Call me sentimental, call me reactionary, call me maudlin, call me Ishmael, call me anything except late to dinner. But don't look for me to cheer the University of Missouri's migration to the Southeastern Conference.
An unreconstructed traditionalist, I was never convinced that expanding the Big 8 Conference to include four Texas universities (Texas, Texas Tech, Texas A&M and Baylor) was in our best interests.
I was perfectly satisfied with Mizzou as a charter member of the Big 7 through my graduation in 1957, but I welcomed the 1958 addition of Oklahoma State to balance an already established conference.
As an alumnus along with my mother, father and two brothers, my memories date back to the '40s when the members of my mother's clan (the Zero House Allens) would gather in Columbia on Thanksgiving Day.
Following the traditional repast, the men would adjourn to what is now *Memorial Stadium to watch the Tigers put a whipping on the Jayhawks.
The advantages derived from membership in the Big 7/8 are readily apparent. The relatively short distances between the schools made travel to away games both easy and affordable, while the similarities of these "Plains states" schools were made to order for rivalries.
Of these rivalries, the most enduring and best known is that between Missouri and Kansas. Now branded the Border Showdown, the Missouri/Kansas football game is the second-oldest college rivalry in the United States in Division I and the oldest west of the Mississippi River.
First meeting on the playing field in 1891, the Tigers and Jayhawks have competed 118 times — the result being a virtual tie (KU has claimed victory in a disputed game, but you know how Jayhawkers lie).
Admittedly, for several years, gridiron competition in the conference was virtually nonexistent. I won't go into the details; however, the Big 7 was known derisively as "Oklahoma and the Little Six." The addition of Oklahoma State University to the mix drew an equally uncomplimentary comparison — "Oklahoma and the Seven Dwarfs."
Sadly, the quest for money, the proliferation of bowl games and the lure of television and the accompanying cash cow, have all but rendered the "student athlete" an endangered species and, for all practical purposes, removed Division I college sports from the amateur ranks.
What was once a pleasant Saturday afternoon outing to cheer on the team of one's choice has fallen victim to TV ratings, BCS rankings and "musical chairs" conference affiliations.
I do understand, albeit grudgingly, the final decision to move to the SEC for a more stable atmosphere than that observed in the increasingly dysfunctional Big 12.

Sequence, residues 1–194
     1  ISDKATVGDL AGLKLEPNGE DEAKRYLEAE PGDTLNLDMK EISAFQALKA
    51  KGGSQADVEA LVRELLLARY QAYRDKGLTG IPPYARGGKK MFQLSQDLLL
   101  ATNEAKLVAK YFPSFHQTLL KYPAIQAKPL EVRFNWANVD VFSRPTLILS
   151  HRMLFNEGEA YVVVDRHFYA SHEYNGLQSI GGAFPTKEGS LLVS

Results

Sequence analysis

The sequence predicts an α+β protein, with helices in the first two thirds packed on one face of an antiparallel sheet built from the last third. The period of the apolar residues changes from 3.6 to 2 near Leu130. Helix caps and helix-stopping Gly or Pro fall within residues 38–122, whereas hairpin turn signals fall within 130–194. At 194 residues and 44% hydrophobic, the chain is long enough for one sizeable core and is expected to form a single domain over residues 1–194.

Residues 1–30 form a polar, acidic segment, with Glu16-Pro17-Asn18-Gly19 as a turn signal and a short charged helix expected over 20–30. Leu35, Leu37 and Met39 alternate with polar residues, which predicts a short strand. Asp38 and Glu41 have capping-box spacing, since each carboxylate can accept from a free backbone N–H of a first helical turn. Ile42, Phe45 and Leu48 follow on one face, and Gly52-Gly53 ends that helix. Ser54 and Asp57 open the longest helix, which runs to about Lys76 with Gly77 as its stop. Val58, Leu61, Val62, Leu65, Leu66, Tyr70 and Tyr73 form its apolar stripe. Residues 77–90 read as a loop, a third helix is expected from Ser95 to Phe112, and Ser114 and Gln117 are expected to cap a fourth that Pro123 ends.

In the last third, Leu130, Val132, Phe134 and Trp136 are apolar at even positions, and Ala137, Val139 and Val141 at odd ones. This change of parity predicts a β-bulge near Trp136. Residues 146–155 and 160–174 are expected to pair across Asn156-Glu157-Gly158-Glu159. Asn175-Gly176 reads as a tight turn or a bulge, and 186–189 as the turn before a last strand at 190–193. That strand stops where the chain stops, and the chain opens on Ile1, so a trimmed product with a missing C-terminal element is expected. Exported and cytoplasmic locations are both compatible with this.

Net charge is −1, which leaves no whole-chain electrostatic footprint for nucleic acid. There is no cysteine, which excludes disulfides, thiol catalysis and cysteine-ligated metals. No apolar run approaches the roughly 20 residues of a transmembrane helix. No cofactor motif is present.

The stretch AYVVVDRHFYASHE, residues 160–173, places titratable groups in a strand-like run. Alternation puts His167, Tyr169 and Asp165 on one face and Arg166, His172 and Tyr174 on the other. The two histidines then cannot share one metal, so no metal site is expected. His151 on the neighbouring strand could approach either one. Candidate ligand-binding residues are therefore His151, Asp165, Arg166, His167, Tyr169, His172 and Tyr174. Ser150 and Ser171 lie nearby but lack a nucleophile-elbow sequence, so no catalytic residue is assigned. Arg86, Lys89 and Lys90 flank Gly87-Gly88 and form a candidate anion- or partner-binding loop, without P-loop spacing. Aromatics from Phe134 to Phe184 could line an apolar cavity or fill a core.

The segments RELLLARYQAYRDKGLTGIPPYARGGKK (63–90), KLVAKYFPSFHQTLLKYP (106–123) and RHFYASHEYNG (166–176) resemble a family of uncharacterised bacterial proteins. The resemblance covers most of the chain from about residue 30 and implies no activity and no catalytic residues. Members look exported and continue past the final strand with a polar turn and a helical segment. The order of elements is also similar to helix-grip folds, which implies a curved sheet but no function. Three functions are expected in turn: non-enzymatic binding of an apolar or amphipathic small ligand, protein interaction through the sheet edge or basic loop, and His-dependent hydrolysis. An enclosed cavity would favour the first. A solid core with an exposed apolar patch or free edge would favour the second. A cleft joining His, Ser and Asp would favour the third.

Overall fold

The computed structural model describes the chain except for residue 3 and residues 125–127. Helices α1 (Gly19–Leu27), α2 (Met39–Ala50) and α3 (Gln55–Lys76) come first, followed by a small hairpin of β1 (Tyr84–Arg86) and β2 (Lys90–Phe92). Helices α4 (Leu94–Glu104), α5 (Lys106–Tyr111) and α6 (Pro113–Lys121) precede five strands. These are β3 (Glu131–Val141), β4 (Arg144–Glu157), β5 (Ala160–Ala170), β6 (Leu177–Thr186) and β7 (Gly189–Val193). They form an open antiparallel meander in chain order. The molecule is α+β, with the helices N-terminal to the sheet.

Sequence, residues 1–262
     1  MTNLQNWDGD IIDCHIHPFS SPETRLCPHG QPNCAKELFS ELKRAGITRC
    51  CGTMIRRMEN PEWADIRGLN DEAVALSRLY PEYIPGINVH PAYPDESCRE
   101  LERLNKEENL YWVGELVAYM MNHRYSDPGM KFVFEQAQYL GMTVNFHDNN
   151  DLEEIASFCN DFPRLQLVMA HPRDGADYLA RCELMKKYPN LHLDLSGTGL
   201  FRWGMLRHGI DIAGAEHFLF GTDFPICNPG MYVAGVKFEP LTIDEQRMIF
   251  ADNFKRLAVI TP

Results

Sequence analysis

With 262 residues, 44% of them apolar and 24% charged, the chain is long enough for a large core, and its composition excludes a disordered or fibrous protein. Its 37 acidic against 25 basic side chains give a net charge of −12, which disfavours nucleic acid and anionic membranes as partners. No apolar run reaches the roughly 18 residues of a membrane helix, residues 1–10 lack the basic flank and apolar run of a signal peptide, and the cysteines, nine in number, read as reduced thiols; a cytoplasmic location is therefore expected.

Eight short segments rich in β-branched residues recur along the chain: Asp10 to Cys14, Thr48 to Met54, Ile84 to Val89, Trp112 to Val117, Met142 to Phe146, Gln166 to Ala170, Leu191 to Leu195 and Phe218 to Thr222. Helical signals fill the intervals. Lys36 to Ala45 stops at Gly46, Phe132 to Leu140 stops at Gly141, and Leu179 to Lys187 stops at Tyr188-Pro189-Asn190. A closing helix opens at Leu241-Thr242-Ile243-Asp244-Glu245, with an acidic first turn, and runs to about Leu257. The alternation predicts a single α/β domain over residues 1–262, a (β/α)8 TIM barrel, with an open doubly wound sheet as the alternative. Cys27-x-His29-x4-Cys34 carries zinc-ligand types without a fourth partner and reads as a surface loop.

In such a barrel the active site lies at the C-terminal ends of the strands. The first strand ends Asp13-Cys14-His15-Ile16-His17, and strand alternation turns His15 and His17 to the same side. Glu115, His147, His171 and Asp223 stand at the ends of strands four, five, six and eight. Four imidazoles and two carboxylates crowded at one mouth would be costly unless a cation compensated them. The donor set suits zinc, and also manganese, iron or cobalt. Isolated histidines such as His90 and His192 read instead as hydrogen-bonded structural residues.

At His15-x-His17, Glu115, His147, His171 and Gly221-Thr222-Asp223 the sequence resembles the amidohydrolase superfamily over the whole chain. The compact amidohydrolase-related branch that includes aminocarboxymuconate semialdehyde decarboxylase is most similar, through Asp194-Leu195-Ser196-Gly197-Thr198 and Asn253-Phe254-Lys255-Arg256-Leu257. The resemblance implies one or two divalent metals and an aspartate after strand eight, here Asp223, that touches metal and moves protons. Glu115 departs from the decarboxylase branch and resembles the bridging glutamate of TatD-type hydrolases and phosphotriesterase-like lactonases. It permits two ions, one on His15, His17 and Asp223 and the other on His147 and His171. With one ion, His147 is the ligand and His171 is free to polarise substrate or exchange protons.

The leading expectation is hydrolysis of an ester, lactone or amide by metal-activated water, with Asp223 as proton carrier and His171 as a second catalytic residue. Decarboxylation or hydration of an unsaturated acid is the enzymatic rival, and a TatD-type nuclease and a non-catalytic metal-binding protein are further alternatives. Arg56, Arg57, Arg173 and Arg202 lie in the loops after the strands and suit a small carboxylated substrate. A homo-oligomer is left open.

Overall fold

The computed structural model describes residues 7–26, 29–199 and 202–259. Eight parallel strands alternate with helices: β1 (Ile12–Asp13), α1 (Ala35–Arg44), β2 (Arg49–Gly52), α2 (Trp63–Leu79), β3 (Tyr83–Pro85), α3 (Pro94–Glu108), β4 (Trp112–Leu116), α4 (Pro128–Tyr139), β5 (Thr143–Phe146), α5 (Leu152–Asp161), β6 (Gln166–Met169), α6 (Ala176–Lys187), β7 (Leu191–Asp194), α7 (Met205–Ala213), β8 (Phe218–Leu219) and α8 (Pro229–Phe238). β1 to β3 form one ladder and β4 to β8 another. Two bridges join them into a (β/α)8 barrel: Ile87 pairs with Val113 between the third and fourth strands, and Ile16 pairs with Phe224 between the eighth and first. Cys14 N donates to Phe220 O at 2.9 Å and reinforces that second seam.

The 2010 bolting of Nebraska and Colorado to the Big 10 and Pac 10 respectively, along with Texas A&M's deserting an apparent sinking ship in 2011 to become a member of the SEC, were hardly a ringing endorsement of Big 12 leadership.
Nevertheless, in my humble opinion, the Big 12 could have survived. It is no secret that the University of Texas and its arrogant posture "I am traveling this road and you are expected to follow," posture is the proximate cause of the ensuing turmoil and resentment among the other schools.
Rather than cut and run, as did Nebraska, Colorado, Texas A&M and Missouri (on its second attempt), it would appear that strength in numbers favored the 11 other members in a showdown against the Longhorns of the Lone Star State.
Where was the leadership and resolution of moral strength to put Texas in its place? There is the highway, Bevo, fish or cut bait.
That said, I will continue to purchase season tickets to Missouri football and women's basketball games and attend the so-called lesser sports by supporting the Tiger Scholarship Fund at my current level. As a true son of Old Mizzou, I take seriously the obligation to support the Tigers.
Sadly though, I will no be longer be able to travel to road games, and I will sorely miss the traditions of the Border Showdown games against Kansas and the familiar competition with Iowa State, Oklahoma and even Nebraska, and the other former Big 8 squads.
The additional revenue gained from competing in a bigger and more prestigious conference is undoubtedly a plus, but switching athletic venues does little for educational values — the resultant SEC membership is reminiscent of the tail wagging the dog.
J. Karl Miller retired as a colonel in the Marine Corps. He is a Columbia resident and can be reached via email at JKarlUSMC@aol.com.